Early intervention scheme helps almost 300 kids from vulnerable families

Minister of State for Social and Family Development Sam Tan speaking at the Integrated Child Health and Social Congress on June 4, 2018.
Minister of State for Social and Family Development Sam Tan speaking at the Integrated Child Health and Social Congress on June 4, 2018.ST PHOTO: ALPHONSUS CHERN

SINGAPORE - An early intervention scheme that helps young children from the time they are born till age three has reached out to almost 300 kids from vulnerable families and their mothers, helping the kids in their development and equipping the adults with better parenting skills.

The Temasek Foundation Cares Kids Integrated Development Service 0-3 (Kids 0-3) provides a community health and social care support system for children from disadvantaged families. It also guides mothers during the antenatal stage and beyond.

Set up four years ago, Kids 0-3 is led by KK Women's and Children's Hospital (KKH) and the AMKFSC Community Services. It receives funding from the Early Childhood Development Agency (ECDA) under the KidSTART programme.

A study conducted earlier this year on the 283 children helped by the programme found that they showed improved language and cognitive abilities, compared to those involved in a 2015 KKH study on families from challenging socio-economic backgrounds.

There was also a higher immunisation rate, meaning more are getting vaccinated based on the National Childhood Immunisation Schedule.

The study also found that some 98 per cent of parents showed affection - physical closeness and positive expressions - towards their children, while 96 per cent were responsive to their children's emotions, interests and behaviour.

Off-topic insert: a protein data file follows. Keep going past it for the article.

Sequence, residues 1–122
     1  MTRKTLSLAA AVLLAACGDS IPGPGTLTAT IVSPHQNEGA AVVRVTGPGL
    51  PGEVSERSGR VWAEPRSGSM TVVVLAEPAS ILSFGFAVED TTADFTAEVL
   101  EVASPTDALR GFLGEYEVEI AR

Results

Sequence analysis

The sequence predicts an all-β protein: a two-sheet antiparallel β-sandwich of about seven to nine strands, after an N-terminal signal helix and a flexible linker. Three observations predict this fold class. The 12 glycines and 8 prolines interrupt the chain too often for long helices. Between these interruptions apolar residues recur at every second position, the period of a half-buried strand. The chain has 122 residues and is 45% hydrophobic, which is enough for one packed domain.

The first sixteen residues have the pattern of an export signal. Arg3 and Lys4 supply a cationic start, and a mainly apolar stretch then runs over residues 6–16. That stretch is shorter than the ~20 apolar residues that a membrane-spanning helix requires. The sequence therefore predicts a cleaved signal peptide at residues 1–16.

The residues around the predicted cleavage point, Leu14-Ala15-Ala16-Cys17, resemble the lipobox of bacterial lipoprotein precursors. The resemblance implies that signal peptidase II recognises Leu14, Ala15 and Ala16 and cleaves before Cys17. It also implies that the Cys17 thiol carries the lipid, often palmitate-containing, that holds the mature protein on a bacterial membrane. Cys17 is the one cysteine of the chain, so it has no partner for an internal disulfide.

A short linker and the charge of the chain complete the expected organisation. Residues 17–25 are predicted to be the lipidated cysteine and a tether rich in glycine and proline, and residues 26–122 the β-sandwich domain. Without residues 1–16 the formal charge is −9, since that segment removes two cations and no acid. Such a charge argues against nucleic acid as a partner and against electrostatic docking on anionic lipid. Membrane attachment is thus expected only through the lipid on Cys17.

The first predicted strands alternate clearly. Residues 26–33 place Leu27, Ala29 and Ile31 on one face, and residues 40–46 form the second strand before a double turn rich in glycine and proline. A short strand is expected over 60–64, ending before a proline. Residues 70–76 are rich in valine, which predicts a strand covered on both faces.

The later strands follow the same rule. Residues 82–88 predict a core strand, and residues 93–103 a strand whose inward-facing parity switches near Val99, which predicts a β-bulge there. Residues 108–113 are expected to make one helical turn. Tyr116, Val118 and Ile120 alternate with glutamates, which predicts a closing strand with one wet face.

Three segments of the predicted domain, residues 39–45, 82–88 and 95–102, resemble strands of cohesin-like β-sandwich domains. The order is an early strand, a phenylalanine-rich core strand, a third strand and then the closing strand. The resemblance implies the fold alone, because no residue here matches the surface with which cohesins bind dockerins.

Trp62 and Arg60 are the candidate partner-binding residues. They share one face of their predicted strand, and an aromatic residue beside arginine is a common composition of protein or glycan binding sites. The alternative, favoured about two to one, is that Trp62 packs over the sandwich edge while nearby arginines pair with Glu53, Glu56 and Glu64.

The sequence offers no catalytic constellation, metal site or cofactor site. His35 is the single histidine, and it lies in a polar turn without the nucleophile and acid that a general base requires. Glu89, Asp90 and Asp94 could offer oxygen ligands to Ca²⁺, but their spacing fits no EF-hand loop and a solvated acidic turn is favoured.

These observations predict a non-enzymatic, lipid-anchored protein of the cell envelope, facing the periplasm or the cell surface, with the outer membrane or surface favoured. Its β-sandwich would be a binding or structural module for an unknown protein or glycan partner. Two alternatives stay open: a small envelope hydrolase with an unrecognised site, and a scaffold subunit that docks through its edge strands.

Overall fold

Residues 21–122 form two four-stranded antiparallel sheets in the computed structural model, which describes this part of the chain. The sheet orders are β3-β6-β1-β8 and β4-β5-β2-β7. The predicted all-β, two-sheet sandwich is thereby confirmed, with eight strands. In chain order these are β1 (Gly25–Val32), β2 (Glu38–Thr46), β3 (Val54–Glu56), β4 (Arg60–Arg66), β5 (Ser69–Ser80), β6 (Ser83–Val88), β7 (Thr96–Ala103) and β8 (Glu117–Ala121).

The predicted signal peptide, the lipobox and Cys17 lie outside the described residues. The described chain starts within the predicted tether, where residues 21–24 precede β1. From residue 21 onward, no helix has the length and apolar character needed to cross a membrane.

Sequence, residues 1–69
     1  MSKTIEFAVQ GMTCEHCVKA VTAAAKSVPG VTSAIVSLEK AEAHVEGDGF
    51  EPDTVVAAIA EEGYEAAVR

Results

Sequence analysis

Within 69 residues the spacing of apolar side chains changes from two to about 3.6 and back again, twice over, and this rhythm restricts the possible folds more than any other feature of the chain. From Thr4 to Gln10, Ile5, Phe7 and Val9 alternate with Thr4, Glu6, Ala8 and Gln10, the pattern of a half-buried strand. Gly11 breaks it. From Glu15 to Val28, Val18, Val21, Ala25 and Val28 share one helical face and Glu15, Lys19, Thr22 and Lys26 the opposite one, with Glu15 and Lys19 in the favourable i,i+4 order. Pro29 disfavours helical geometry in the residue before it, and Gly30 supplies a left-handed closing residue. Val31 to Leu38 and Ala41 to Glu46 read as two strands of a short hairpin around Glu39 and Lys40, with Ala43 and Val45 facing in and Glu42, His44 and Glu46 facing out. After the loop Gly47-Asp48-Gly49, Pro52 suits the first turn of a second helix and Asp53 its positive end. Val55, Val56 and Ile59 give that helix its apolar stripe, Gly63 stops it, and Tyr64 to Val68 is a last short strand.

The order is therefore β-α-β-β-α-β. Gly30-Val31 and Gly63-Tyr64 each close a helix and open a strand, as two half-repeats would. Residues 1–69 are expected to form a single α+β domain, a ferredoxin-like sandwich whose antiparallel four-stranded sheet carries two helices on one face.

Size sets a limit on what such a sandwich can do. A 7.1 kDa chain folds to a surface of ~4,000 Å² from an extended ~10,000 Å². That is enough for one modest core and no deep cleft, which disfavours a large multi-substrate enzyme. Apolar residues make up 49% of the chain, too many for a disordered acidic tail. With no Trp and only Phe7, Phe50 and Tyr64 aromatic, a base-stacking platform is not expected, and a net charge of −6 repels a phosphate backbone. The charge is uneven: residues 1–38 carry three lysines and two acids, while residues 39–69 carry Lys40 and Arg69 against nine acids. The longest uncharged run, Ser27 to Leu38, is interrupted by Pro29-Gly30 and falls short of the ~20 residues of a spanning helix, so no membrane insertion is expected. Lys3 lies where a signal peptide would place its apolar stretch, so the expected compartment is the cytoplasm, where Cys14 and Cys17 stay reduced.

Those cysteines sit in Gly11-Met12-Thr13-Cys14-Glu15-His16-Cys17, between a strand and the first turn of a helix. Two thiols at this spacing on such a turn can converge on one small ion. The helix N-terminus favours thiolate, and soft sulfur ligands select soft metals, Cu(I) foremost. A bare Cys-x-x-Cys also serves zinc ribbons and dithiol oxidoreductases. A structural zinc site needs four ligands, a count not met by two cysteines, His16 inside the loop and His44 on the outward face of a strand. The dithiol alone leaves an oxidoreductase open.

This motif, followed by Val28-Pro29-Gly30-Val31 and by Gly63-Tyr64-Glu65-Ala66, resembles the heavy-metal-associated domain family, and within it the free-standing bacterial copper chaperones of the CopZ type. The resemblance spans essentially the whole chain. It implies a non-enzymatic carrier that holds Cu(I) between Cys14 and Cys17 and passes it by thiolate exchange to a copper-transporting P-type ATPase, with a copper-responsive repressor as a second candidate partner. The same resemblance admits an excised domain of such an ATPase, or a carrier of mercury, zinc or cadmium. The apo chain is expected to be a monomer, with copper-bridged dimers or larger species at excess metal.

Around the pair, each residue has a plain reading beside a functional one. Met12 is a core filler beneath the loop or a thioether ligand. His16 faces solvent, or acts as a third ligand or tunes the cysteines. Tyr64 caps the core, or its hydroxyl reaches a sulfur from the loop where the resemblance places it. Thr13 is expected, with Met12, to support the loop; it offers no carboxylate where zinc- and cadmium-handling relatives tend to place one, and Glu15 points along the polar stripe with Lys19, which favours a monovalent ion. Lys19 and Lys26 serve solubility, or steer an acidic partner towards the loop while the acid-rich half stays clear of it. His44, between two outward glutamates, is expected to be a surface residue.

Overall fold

Speaking at Singapore's first Integrated Child Health and Social Congress on Monday (June 4), Adjunct Associate Professor Winnie Goh, programme lead of Kids 0-3, told The Straits Times: "If you are faced with challenging situations and there are people who journey with you to overcome these challenges, you are likely to develop resilience."

"The Kids 0-3 programme will continue to provide opportunities to these families after their children turn three, by leveraging other existing programmes and services in the community," said the senior consultant of the division of medicine at KKH.

The three-day congress, at the Grand Copthorne Waterfront Hotel from Monday to Wednesday, brings together professionals from the health, social and early childhood sectors.

It is part of the efforts taken by Kids 0-3 to create awareness of the importance of cross-sector coordination and collaboration of services in supporting the development of children from vulnerable families.

Minister of State for Social and Family Development Sam Tan told the congress: "A comprehensive ecosystem of support for the child and family is necessary to address the multiple stressors that face disadvantaged families."

Senior principal social worker Yogeswari Munisamy from the Ministry of Social and Family Development's Child Protective Service said stress can influence how a family copes and functions, and can also affect how children's needs are met. "A range of targeted social and system intervention will be needed," she said.

Miss Lee Wei Qi, 30, a senior child resource coordinator with the KidSTART programme by the Early Childhood Development Agency, said some parents she has worked with had a communication barrier with their children.

"We give parents practical tips on how to communicate with kids, to go down to the kids' level and be involved in their play," she said.